The World Could Run Entirely On Wind, Solar, And Hydro Power By 2050. In a few decades, the world could be powered by nothing but wind, water, and sunlight.
That's the conclusion of a new study released just before world leaders head to Paris to strike a climate deal. "These are basically plans showing it's technically and economically feasible to change the energy infrastructure of all of these different countries," says Mark Z. Jacobson, director of the Atmosphere/Energy Program at Stanford University, who worked with University of California colleagues to analyze energy roadmaps for 139 countries (you can see a few above). The researchers crunched numbers to see how much energy each country would need by 2050—including electricity, transportation, heating and cooling, industry, and agriculture—and then calculated how renewable energy could cover those needs, where it could go, and how much it would cost.
Renewable energy is already cheap and will get cheaper. The study lays out a timeline of how the shift could happen. Lithium_batteries_lca. Lifecycle Analysis Shows Benefits of Renewable Energy. For years, some critics of renewable energy have contended that it's really no better than fossil fuels when you consider the entire lifecycle that goes into making their components.
They even say there may not be enough copper, steel and other resources to build all the solar panels and wind turbines needed for a low-carbon future. But comprehensive research recently released shows how far off their thinking is from reality. It takes an enormous amount of energy to both build and then fuel fossil fuel power plants over their 40+ year lifetime, and during all those years they pump out pollution that seriously harms the health of people and the environment. How do wind turbines and solar panels compare? Alta Wind Energy Center in Tehachapi, California: Sorry, Bill Gates, but you are wrong about energy poverty. Bill Gates just blogged on energy poverty.
In that post, he agrees with Bjorn Lomborg who “argues that before poor countries can move to clean energy, poor families need access to cheap electricity so they don’t have to burn dung, cardboard, or twigs for heating and cooking. These dirty fuels produce indoor air pollution that is terrible for health (especially for children).” In 2012, I wrote in the Huffington Post that Bill Gates had zero qualifications to understand energy and its costs. I also recognized that I am not qualified to run a global software company. So, Bill Gates doesn’t know much about energy outside of his vested interests in nuclear power and I don’t know much about running a software company outside of my bumbling with my Android apps. But Bill Gates has more money and power than I, and a powerful and wonderful charity. Gates’ misguided path starts with the fact that he cited a notorious climate skeptic in Bjorn Lomborg. Top Solar Power Countries Per Capita & Per GDP (CleanTechnica Exclusive)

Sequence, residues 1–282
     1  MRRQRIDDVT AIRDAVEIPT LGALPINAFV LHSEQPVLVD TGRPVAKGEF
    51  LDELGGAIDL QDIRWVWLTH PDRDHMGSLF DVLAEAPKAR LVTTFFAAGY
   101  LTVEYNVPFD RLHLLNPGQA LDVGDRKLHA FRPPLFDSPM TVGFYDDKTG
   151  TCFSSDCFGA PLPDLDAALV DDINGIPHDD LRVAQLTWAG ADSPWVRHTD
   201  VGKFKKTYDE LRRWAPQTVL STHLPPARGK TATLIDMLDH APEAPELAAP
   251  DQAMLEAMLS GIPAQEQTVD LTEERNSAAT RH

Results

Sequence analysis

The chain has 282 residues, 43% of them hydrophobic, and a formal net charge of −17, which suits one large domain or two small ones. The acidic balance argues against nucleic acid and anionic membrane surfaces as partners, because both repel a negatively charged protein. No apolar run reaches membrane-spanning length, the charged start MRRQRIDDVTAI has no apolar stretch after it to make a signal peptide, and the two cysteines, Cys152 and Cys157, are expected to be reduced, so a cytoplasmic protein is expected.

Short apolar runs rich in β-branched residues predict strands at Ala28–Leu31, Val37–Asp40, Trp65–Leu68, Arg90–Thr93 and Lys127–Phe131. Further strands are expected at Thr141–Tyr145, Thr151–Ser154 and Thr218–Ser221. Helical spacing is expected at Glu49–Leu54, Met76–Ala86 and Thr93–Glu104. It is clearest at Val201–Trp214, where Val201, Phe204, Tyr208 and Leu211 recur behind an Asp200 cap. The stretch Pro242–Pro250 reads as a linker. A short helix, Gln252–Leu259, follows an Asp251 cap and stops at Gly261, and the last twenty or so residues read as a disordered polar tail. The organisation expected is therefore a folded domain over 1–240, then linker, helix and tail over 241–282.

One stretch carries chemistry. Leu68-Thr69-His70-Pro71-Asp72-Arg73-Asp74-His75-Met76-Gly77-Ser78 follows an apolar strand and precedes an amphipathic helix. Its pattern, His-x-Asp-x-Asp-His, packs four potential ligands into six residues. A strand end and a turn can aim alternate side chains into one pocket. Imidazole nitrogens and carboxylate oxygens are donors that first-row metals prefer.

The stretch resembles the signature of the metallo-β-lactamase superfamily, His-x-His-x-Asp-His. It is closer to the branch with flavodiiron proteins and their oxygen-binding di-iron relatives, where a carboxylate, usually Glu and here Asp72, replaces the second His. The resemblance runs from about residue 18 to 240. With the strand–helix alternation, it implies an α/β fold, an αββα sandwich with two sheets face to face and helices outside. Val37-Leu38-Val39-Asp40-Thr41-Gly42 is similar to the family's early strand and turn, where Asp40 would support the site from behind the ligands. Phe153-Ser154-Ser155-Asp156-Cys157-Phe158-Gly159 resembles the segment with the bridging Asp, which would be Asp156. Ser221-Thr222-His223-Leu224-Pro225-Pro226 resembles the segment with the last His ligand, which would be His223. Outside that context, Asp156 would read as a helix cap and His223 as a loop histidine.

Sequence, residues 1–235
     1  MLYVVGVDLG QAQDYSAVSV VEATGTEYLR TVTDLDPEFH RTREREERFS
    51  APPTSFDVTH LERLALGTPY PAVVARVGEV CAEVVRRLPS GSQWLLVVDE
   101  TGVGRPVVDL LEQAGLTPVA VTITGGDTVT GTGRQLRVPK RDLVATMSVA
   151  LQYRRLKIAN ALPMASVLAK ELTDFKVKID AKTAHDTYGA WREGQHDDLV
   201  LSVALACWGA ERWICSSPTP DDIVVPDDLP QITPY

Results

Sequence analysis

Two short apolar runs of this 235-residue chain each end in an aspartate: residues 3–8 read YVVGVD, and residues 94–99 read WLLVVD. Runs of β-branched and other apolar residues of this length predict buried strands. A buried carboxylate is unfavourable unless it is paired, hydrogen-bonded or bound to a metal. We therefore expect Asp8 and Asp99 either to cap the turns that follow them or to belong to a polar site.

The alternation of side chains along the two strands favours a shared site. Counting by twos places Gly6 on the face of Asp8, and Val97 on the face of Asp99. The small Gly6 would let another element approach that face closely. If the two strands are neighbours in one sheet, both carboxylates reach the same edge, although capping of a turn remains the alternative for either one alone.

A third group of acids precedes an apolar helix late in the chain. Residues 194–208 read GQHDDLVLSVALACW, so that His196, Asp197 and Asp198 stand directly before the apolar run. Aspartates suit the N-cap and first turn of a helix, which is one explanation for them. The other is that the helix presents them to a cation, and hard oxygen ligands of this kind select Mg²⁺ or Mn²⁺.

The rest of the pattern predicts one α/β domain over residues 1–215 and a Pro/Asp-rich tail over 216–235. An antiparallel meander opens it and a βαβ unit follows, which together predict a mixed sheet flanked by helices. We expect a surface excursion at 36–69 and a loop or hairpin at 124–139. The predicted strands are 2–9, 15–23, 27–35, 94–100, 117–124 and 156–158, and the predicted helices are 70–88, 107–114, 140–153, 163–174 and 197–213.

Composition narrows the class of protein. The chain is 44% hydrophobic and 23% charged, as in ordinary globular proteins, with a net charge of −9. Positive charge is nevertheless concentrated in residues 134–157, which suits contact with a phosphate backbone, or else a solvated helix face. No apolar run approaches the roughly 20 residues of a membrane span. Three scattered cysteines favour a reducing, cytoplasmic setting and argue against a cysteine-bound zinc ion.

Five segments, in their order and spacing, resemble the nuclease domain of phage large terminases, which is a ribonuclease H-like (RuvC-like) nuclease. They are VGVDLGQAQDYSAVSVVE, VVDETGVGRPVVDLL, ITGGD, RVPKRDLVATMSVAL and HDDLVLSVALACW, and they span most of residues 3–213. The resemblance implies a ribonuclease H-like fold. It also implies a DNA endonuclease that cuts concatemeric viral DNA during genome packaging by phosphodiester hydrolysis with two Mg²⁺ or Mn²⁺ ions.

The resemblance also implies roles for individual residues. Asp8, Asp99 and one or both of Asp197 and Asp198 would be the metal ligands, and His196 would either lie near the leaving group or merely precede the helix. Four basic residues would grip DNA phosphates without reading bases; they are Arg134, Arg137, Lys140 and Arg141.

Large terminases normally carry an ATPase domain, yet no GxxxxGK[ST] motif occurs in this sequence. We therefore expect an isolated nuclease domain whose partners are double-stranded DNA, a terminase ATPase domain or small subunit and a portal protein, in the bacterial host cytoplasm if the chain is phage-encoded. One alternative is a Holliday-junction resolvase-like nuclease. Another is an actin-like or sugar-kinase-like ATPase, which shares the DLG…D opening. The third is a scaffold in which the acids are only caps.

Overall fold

Clean Power Published on June 26th, 2013 | by Zachary Shahan June 26th, 2013 by Zachary Shahan –> Update: Also see the new top solar power countries vs top US solar states rankings.
Following up on my top solar power state rankings, below are rankings of the top solar power countries per capita and per GDP. These solar power by country rankings are key to seeing who the solar power leaders are in relative terms. It’s great that giant countries like the US and China are investing in solar, but how do their investments really compare when we compare to country populations and GDP? Before jumping in to the country rankings, as I included in my articles yesterday, here are a handful of related rankings I’ve created: South African team may have solved solar puzzle even Google couldn't crack. It is a problem that has so far stumped even Google’s brainy engineers – how to generate cheap solar electricity using a small-scale array of mirrors to concentrate the sun’s energy.
Now a team at a South African university – led by a former Intel strategic planner – believes they have cracked it. Once they have completed a prototype system in October they have big plans for rolling out the technology. The idea behind the design – so-called Concentrated Solar Power or CSP – is simple. A field of mirrors on the ground tracks the sun and concentrates its rays on to a central point which heats up. That heat is converted into electricity. There are a handful of large-scale examples of such solar plants around the world generating electricity, and there are predictions that the technology could generate a quarter of the world’s energy by 2050.
Paul Gauché is the South African founding director of the Solar Thermal Research Group at Stellenbosch University that is testing a new approach.